As your retirement account grows, so does your interest earned â thatâs why time is so valuable. While taking out a 401k loan may be a better option than withdrawing from your 401k, you may lose out on a small portion of compounding interest. When, or if, you choose to take out a 401k loan, you may start making monthly payments right away. This allows your payments to grow interest and work for you sooner than withdrawing from your 401k.
This type of loan may vary on principle balance, interest rate, term length, and other conditions. In most cases, youâre allowed to borrow up to $50,000 or half of your account balance. Some accounts may also have a minimum loan balance. This means youâll have to take out a certain amount to qualify. Interest rates on these loans generally charge market value rates, similar to commercial banks.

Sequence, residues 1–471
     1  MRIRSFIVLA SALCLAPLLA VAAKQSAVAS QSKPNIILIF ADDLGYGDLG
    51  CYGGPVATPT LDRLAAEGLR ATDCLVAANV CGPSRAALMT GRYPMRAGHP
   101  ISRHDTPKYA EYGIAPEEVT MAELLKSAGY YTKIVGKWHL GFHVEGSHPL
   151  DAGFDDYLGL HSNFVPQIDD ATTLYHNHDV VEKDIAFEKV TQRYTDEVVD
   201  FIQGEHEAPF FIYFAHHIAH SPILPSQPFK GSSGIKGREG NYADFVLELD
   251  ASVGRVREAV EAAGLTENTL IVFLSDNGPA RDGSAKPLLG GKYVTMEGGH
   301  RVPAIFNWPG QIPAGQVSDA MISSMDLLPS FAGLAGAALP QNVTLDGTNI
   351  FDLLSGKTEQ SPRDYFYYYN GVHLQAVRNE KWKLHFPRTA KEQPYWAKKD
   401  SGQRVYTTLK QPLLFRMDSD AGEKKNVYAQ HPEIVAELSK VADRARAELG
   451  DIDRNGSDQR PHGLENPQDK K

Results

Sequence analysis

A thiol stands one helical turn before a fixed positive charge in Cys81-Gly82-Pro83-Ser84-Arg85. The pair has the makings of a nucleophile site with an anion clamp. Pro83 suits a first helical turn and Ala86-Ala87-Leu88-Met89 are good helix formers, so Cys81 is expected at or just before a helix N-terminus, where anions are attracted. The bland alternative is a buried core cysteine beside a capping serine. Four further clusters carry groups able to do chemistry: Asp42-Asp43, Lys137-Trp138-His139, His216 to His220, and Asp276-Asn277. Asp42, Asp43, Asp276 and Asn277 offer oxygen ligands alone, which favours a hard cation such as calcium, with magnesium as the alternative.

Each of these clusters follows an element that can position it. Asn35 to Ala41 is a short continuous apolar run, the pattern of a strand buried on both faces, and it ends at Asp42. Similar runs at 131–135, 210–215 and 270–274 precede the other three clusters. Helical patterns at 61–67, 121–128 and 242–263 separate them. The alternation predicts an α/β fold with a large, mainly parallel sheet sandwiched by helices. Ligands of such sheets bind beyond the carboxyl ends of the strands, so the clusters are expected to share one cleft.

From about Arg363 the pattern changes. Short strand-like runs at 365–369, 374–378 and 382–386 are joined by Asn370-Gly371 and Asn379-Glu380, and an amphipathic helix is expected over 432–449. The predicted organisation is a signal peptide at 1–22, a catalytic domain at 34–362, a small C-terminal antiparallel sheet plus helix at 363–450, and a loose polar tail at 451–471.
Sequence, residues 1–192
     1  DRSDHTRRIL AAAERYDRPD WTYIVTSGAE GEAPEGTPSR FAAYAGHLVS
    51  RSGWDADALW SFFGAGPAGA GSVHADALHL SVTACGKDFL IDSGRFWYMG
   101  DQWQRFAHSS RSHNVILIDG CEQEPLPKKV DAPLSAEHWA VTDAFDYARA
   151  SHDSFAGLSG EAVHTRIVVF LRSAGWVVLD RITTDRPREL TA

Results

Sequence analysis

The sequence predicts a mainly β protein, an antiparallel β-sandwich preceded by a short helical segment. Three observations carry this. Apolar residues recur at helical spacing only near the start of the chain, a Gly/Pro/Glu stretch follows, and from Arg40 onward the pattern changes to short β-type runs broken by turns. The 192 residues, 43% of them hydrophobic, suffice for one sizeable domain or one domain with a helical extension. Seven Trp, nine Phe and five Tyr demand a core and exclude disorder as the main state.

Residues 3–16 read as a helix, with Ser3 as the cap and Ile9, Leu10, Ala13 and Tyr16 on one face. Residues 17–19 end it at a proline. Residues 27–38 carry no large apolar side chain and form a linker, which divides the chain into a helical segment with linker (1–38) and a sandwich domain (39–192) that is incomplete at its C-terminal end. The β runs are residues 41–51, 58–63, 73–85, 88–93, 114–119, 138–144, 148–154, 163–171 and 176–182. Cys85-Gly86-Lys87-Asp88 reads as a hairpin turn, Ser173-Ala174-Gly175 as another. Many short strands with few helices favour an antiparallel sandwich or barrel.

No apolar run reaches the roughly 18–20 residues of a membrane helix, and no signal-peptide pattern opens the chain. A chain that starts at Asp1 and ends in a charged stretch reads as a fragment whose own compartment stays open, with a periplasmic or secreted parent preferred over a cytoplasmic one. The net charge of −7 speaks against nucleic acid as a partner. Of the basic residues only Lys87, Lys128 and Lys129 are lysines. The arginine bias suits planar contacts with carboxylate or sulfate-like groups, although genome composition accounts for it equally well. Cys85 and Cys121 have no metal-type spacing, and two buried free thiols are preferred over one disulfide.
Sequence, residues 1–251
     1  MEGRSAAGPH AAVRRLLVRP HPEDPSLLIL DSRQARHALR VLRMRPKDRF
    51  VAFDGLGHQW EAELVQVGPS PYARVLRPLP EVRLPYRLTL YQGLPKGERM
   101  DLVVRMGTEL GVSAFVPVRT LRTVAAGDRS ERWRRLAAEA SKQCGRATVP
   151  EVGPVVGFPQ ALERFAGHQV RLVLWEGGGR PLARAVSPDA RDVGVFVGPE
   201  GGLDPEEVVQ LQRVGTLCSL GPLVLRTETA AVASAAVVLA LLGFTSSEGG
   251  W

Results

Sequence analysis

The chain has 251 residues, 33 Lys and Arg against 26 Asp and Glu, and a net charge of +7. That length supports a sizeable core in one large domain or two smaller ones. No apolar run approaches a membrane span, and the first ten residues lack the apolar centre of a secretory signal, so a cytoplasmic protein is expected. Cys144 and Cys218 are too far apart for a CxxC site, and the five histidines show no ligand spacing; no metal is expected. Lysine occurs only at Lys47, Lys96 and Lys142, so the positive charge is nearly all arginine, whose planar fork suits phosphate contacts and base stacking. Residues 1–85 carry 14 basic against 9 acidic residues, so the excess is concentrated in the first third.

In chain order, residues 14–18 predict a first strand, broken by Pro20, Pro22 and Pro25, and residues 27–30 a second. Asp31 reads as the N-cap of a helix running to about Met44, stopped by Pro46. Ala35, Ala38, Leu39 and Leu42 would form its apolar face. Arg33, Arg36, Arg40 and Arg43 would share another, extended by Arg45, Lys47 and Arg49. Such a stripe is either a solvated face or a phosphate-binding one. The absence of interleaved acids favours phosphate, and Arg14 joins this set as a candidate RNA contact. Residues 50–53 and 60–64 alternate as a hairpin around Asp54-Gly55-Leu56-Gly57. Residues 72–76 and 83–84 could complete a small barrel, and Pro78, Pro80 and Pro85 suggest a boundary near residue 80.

Pulling funds from your retirement account may look appealing when debt is looming over you. While withdrawing money from your 401k to pay off debt may help you now, it could hurt you in taxes and fees. Before withdrawing your retirement savings, see the effect it could have on your future budget. As part of your strategy, determine where youâre able to cut out unnecessary expenses with our app. Still on the fence about whether withdrawing funds is the right move for you? Consult your financial advisor to determine a debt payoff plan that works best for your budgeting goals.
The post Should I Cash Out My 401k to Pay Off Debt? appeared first on MintLife Blog.